Platt Perspective on Business and Technology

Filter bubbles and the limitations of automation in selective search – 2

Posted in business and convergent technologies by Timothy Platt on July 29, 2011

Earlier this month I posted a brief note on the issues of search personalization as an unfortunately accurate example of the law of unintended consequences (see Filter Bubbles and the Limitations of Automation in Selective Search – 1.)

The basic issue here is very simple. When search personalization is being carried out by the world’s primary search engine of choice and it is only returning to you search results selectively chosen to “meet your interests” according to an automated, algorithmic analysis of what you seem to have clicked on, the best you can ever expected to see from it is a very slanted, incomplete, biased view of the larger internet as a whole, and of what is actually out there. Under current circumstances, Google’s selective filtering is set up and parameterized without your consent and without your active involvement, and without giving you an option to opt-out and simply see whatever raises to the top according to their old more universally applied organic search algorithms. Even by the standards of seeking to effectively help you find what you are looking for, this of necessity introduces error in what it can offer you through sampling error if nothing else, and it does block your efforts to reach out to the new, and sometimes even if you make a concerted effort to do so. And Google is only one of many sites that have fallen into the trap of limiting its visitors to automatic, algorithm-driven filtering and personalization.

I briefly outlined this increasingly prevalent phenomenon in Part 1 and return back to this set of issues to make note of a particularly disturbing trend in political discourse that appears to have arisen in synchrony with the switch to personalized filter bubble search engine practices – a particular form of political extremism. And I cite American politics of Left and Right, and of increasingly strident and extremist Left and Right as I write this.

Tea Party extremists and MoveOn extremists hold little in common, one hewing to the far Right and the other to the far Left. But there is one crucial detail they do share in common. When members of these political factions, increasingly influential in Republican and Democratic Party politics respectively, search online with tools such as Google, they only find search results that mesh with their own particular political views.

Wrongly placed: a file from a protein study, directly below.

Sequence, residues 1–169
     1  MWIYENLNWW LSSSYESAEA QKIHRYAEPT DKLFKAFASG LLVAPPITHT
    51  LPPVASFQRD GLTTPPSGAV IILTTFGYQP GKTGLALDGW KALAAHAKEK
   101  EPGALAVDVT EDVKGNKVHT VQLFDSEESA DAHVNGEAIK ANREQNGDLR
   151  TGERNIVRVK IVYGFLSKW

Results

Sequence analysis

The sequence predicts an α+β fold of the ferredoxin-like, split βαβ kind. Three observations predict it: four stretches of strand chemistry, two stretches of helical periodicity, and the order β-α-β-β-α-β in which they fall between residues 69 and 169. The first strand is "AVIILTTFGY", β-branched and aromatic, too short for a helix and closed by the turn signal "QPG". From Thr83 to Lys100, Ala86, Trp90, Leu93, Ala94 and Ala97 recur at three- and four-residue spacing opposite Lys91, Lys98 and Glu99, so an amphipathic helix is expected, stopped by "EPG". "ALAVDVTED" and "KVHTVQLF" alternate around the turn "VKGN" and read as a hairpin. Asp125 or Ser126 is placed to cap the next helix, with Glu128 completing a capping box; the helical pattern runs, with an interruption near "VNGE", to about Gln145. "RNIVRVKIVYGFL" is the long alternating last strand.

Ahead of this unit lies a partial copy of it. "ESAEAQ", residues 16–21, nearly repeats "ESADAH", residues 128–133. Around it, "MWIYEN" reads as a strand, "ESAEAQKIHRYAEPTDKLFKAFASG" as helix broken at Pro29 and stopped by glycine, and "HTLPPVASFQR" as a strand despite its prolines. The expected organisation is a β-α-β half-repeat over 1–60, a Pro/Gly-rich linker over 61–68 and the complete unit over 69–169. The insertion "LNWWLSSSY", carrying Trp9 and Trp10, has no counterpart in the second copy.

• When two different people perform the precise same searches using the precise same search terms and queries they get different results, selected for them and without their consent or approval by Google. Here this creates not just problems for the individual but societal problems as a whole.

I see a reason why otherwise smart people self-identified as Tea Party or MoveOn members by preference, keep making public gaffs as to basic facts. The links and web sites that their search queries bring to the top for them are selected for agreement with their presumed interests and biases, and not for any criteria that would more specifically filter for accuracy or objective reliability – except perhaps as a secondary consideration. Political search becomes ideologically filter driven. And this simply fuels greater divisiveness and extremism because search keeps confirming extreme positions, and without any leavening dissent.

One of the overarching points I have repeatedly made throughout this blog is to note ways in which we are facing fundamental change, and fundamental challenges. We cannot successfully transit this and avoid falling into serious, avoidable problems if we try to do so wearing blinders. This is true for our participation in political discourse and political decision making processes. This, I add, is also true in the business world and in the marketplace, and in social media and other online forums, and in our creating and sharing value in our more personal lives.

Automated search personalization becomes a trap that blinds when it is the only option available. The entire premise behind ubiquitous computing and communications is that it truly be from anywhere to anywhere, and at any time, at least as a working goal. Search limited to the scope contained within individual, personalized, internally mirrored bubbles denies the possibility of that. So like it or not, we are currently facing a cross roads and a fundamental decision point. Should we simply follow a path of least resistance and fractionate into disparate, disconnected little personalized factions or should we seek to keep the doors to New and Other open to us, and the differences we offer open to others as well?

This and other, related postings can be found at Ubiquitous Computing and Communications – everywhere all the time.

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